More fees? Now all the major cell phone carriers are charging a fee, on top of any other charge they might dream up, to upgrade your phone.
After all the fuss over bank fees - the fuss, that, if you don't remember, stopped Bank of America from charging for the privilege of having one of their debit cards - it is unfortunate that another enormously profitable business has gone the fee route.
How about making a fuss about this? It stinks. Doesn't it?
Who hasn't looked forward to the end of the two years or so of their cell phone contracts and making an additional commitment to get a new - and free - phone. Thank you Verizon, AT&T, T-Mobile and Sprint, for ruining the fun.
Verizon this week became the last of the biggies to charge this new fee. AT&T and Sprint are the priciest at $36. Verizon undercut them by $6 and is charging $30, while T-Mobile looks practically generous levying half the fee of AT&T and Sprint. That's still $18 more than they were charging before this fee-fest.
"I am very concerned that consumers have little choice in the cellular phone marketplace except to pay this new activation fee when upgrading to a new phone," state Consumer Affairs chief Barbara Anthony said. "With the announcement this week by Verizon, all four cellular phone carriers are charging upgrade fees – in addition to the price of a new phone."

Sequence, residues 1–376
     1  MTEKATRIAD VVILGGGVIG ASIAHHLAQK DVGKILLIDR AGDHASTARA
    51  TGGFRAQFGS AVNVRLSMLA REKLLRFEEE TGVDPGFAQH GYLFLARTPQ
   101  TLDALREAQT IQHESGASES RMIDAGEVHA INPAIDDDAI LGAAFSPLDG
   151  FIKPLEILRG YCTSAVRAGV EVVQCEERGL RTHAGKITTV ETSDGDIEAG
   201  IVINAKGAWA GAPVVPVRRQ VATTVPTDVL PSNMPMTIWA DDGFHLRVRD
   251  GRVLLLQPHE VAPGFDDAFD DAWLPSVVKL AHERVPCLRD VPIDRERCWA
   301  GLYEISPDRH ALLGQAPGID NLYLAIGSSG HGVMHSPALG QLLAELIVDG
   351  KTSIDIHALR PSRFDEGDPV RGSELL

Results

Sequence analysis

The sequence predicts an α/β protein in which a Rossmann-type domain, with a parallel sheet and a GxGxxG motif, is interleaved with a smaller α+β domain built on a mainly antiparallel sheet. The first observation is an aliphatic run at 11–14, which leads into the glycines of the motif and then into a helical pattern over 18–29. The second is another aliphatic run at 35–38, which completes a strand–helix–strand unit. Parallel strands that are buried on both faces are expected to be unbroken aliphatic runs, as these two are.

The idea of long-term cell phone contracts has always been a risk for consumers - with the reward being the free phone - so Anthony cautions consumers to be particularly attentive to what they are agreeing to.
Here are some tips from her office:
- Ask for all information in writing up front.
- Understand what you are buying.
- Try to negotiate the most consumer-friendly plan.
- Don’t sign any documents without fully reading all the material.
- Pay special attention to cellular phone contract terms.
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About the author
Mitch Lipka is one of America's leading consumer journalists and advocates. He is an expert in product safety, recalls, scams, and helping consumers get out of jams. He is a nationally known consumer columnist and runs TheConsumerChronicle.com. He lives in Worcester. You can find him on Facebook or reach him at ConsumerNews@Aol.com